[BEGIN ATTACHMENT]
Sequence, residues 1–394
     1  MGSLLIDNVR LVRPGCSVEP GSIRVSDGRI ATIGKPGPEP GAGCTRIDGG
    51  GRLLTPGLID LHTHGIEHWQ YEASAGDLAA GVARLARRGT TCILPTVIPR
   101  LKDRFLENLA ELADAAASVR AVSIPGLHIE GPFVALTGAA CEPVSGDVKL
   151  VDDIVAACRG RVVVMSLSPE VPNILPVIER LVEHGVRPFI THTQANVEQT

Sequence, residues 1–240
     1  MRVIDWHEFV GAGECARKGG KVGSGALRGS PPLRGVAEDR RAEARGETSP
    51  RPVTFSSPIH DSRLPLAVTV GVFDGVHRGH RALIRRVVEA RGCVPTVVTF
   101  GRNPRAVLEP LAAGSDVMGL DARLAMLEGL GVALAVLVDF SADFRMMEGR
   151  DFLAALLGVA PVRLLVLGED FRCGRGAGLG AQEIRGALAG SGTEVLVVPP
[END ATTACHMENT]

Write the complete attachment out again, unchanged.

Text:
Sequence, residues 1–394
     1  MGSLLIDNVR LVRPGCSVEP GSIRVSDGRI ATIGKPGPEP GAGCTRIDGG
    51  GRLLTPGLID LHTHGIEHWQ YEASAGDLAA GVARLARRGT TCILPTVIPR
   101  LKDRFLENLA ELADAAASVR AVSIPGLHIE GPFVALTGAA CEPVSGDVKL
   151  VDDIVAACRG RVVVMSLSPE VPNILPVIER LVEHGVRPFI THTQANVEQT

Sequence, residues 1–240
     1  MRVIDWHEFV GAGECARKGG KVGSGALRGS PPLRGVAEDR RAEARGETSP
    51  RPVTFSSPIH DSRLPLAVTV GVFDGVHRGH RALIRRVVEA RGCVPTVVTF
   101  GRNPRAVLEP LAAGSDVMGL DARLAMLEGL GVALAVLVDF SADFRMMEGR
   151  DFLAALLGVA PVRLLVLGED FRCGRGAGLG AQEIRGALAG SGTEVLVVPP